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Abstract or Table of Contents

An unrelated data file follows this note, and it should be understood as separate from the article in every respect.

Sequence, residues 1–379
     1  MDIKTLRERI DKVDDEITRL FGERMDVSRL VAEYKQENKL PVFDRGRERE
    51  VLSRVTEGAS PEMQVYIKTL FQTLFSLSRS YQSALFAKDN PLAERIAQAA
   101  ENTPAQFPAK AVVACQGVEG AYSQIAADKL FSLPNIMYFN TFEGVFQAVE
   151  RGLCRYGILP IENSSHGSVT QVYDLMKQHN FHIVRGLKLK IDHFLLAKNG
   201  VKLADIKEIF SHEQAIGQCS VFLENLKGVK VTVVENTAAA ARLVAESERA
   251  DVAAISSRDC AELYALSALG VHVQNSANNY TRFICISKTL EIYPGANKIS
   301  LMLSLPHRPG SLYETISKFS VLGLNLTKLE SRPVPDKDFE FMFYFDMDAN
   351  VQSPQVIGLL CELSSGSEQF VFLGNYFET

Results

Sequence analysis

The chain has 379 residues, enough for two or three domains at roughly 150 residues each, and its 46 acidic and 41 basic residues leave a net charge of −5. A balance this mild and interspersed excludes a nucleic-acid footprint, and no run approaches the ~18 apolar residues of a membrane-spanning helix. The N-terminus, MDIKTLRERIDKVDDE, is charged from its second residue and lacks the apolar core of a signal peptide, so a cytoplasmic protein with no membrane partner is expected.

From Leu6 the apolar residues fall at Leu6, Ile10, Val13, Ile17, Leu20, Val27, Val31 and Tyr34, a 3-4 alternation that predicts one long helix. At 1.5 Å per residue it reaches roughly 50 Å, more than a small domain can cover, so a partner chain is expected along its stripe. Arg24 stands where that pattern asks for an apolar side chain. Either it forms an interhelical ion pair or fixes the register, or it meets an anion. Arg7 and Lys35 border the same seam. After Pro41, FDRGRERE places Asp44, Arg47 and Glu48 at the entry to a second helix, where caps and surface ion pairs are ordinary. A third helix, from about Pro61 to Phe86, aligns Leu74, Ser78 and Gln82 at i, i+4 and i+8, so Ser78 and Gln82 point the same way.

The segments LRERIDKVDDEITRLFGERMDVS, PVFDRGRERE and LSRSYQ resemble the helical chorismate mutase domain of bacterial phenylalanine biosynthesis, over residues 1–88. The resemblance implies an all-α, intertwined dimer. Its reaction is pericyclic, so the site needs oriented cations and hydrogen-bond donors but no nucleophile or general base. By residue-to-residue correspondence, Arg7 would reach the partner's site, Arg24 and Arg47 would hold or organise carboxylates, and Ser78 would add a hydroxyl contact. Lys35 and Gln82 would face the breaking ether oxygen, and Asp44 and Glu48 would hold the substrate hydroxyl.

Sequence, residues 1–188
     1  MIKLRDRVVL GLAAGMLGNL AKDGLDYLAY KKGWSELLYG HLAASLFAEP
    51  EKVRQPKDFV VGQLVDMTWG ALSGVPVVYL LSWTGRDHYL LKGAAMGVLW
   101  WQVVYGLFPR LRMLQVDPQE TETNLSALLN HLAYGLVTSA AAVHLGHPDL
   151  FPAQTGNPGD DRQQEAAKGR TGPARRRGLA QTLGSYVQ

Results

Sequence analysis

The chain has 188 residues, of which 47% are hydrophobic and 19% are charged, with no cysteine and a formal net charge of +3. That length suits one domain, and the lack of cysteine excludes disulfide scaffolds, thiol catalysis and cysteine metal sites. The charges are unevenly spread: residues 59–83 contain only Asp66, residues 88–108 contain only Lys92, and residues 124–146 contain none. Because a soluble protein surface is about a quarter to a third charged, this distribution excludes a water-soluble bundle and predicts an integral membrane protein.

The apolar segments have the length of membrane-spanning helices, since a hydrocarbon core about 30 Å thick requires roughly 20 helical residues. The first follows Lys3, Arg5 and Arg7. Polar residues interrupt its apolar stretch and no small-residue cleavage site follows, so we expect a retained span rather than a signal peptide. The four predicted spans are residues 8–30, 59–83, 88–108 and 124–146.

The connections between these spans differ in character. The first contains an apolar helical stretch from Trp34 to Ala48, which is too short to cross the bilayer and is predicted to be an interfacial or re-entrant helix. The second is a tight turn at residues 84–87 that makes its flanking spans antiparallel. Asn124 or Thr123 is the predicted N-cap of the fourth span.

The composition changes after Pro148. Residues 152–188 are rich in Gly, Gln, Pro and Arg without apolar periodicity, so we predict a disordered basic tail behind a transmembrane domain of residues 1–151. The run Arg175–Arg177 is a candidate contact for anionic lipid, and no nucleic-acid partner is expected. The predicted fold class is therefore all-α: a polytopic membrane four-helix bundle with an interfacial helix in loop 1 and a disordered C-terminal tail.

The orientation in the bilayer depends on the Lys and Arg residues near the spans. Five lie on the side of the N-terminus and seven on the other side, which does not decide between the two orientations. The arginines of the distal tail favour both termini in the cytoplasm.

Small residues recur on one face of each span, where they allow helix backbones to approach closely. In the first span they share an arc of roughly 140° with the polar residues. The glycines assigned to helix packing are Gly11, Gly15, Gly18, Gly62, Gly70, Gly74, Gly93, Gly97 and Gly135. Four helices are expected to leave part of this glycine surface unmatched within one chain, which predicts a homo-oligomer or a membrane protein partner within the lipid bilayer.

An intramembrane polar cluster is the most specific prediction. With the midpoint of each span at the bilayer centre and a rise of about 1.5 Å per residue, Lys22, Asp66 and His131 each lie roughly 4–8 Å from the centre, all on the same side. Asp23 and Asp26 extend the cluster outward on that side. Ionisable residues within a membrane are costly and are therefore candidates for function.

We present the design and implementation of RICH (Run-time Integer CHecking), a tool for efﬁciently detecting integer-based attacks against C programs at run time. C integer bugs, a popular avenue of attack and frequent programming error [1–15], occur when a variable value goes out of the range of the machine word used to materialize it, e.g. when assigning a large 32-bit int to a 16-bit short. We show that safe and unsafe integer operations in C can be captured by well-known sub-typing theory. The RICH compiler extension compiles C programs to object code that monitors its own execution to detect integer-based attacks. We implemented RICH as an extension to the GCC compiler and tested it on several network servers and UNIX utilities. Despite the ubiquity of integer operations, the performance overhead of RICH is very low, averaging about 5%. RICH found two new integer bugs and caught all but one of the previously known bugs we tested. These results show that RICH is a useful and lightweight software testing tool and run-time defense mechanism. RICH may generate false positives when programmers use integer overﬂows deliberately, and it can miss some integer bugs because it does not model certain C features.